What Would You Do?

What would you do if you saw a woman being battered?  Would you do something – maybe call the police? Or would you just ignore it and think that it wasn’t any of your business? You may think that you would try to intervene.  But are you sure?

This question came up in a recent article that refers to a story reported by ABC News in a “What Would You Do” hidden camera report.  In the hidden camera video, people’s reactions were recorded when they saw women being physically and verbally abused by their boyfriends in a crowded restaurant.  The scenarios involved two different couples, a Caucasian couple and an African-American couple.  The couples were actors posing as a man and woman in an abusive relationship.  Please be warned, that the video from the news story can be disturbing to watch. 

In each hidden camera scenario, the woman has been made up to look bruised and battered and acts visibly distressed.  The “boyfriend” is loud, verbally abusive, and is being physically rough with his “girlfriend.”  This scenario is played out four different times using both couples.  However, in the second time for both the Caucasian couple and the African-American couple, the “girlfriends” are provocatively dressed. 

The reaction from the onlookers is both hopeful and discouraging.  In the scenarios where both the Caucasian “girlfriend” and the African-American “girlfriend” are dress conservatively, other diners appear concerned for the abused woman and offer to help her right away, ultimately confronting the abusive “boyfriend.” But, in the other two scenarios, both the Caucasian and African-American “girlfriends” who are dressed provocatively, do not get any assistance from the other diners in the restaurant.  In the video it is clear that the diners are bothered by what they are seeing, but their concern, surprisingly, is not for the safety of the “girlfriend,” but for the dignity of the couple.  Some diners even mention to the couple that they are embarrassing themselves.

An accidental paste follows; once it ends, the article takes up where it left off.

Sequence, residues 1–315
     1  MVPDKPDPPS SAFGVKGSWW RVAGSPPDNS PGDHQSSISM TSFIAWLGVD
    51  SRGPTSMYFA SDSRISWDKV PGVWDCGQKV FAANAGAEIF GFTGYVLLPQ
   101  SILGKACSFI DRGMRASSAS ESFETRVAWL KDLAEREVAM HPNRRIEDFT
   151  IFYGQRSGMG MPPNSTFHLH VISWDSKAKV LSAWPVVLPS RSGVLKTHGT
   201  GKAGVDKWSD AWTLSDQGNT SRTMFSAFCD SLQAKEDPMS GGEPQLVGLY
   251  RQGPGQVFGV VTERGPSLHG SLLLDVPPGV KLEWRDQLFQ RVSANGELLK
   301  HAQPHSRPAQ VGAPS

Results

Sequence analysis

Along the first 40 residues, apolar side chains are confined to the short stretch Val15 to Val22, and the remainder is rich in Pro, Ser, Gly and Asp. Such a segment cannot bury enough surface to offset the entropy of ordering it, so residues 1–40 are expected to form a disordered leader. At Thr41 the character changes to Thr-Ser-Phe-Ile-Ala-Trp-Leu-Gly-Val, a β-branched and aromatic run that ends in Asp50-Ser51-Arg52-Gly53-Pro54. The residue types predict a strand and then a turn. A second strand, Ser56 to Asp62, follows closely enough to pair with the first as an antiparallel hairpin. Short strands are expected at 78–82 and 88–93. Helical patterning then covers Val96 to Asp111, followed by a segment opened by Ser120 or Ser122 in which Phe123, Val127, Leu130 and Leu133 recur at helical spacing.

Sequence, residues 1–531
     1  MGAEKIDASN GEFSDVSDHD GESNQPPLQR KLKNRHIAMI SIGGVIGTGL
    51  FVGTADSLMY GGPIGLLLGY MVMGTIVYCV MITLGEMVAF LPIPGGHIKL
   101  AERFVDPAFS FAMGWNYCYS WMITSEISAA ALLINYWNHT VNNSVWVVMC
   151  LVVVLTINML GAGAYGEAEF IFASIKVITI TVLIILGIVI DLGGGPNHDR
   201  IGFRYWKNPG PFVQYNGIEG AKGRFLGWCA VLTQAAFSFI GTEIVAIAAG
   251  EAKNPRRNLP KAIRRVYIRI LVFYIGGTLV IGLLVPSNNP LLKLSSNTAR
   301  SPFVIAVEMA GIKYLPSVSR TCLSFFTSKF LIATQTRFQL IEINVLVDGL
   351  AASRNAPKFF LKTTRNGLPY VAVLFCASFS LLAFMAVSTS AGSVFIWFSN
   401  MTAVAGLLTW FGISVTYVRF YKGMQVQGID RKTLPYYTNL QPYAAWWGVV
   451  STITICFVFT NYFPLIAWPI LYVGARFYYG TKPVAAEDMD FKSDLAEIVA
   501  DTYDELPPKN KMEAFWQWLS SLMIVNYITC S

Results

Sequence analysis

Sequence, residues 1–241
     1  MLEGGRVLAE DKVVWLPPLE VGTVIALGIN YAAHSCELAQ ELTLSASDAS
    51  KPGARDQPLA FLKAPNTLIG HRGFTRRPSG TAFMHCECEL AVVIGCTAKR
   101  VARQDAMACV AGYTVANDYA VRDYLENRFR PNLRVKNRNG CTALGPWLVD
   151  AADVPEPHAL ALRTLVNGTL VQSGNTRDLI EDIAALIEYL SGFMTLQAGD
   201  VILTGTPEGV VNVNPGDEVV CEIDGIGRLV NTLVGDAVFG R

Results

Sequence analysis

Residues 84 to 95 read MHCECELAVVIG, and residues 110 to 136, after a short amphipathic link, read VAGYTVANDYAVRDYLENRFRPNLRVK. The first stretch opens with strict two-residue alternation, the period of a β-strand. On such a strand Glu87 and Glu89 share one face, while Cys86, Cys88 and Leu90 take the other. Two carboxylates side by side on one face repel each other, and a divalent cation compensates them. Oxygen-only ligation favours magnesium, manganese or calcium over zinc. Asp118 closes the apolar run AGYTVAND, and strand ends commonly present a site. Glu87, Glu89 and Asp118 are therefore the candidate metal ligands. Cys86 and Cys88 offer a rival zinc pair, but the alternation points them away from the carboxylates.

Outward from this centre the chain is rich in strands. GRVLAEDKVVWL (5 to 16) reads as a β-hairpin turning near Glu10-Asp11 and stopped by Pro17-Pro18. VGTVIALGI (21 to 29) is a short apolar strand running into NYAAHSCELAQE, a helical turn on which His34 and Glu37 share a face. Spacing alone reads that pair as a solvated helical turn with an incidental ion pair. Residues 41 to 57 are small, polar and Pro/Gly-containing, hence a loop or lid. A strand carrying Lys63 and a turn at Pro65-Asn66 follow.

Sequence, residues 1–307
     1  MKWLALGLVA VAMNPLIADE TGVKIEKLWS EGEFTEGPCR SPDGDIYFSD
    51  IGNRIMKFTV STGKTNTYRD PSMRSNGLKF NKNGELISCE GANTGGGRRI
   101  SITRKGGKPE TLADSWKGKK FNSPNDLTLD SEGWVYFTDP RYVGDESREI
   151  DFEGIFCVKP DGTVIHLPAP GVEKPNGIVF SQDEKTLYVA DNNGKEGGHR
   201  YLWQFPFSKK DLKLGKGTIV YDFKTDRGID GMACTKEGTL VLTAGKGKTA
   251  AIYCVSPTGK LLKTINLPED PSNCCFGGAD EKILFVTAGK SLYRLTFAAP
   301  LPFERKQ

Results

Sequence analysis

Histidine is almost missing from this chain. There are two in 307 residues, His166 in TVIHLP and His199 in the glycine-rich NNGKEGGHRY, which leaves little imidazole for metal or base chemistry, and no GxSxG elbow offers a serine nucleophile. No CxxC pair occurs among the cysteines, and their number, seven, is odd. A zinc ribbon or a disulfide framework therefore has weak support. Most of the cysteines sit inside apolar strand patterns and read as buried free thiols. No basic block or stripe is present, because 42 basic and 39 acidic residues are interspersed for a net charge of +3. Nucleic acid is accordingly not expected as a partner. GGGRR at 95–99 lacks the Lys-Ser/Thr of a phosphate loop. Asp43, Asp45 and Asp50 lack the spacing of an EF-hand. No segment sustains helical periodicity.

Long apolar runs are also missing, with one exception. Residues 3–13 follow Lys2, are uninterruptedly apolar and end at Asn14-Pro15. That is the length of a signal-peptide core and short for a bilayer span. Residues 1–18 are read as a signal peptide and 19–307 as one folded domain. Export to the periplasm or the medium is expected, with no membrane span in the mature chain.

It is hopeful, that in today’s society, where everyone seems to be so self-absorbed and isolated, that there are some people out there who recognize right from wrong and are still willing to intervene, especially in cases of abuse.  But it is discouraging that the misconceptions are still out there about abuse and that some women based on the way they dress or who they are “deserve” to be abused.  It is not okay to think that anyone, no matter what, deserves to be treated badly, battered, or abused.  Abuse is the fault of the abuser – period.  But as the video clearly showed, some people are still misinformed.   

Obviously, ABC News’ report was non-scientific and had their test been done a few more times or at different restaurants and in different cities, the results could have been different; and then perhaps, at least one person would have come to the aid of the provocatively dressed “girlfriend.”  But as it stands, I’m afraid the results were pretty accurate about people’s attitudes and understanding of abuse.  We as a society need to realign our thinking and stop blaming the victim so that the focus can be on the abusers and making sure that they, not the victims, are held accountable.

One Comment

  1. Kristin
    Posted June 3, 2010 at 6:57 am | Permalink | Reply

    Reading your blog reminds me of an author I know. Angelica Harris is a domestic abuse survivor who has healed many of her own life’s struggles through writing. Check out her website, http://www.angelicaharris.com. Maybe the two of you could work together and help each other out.

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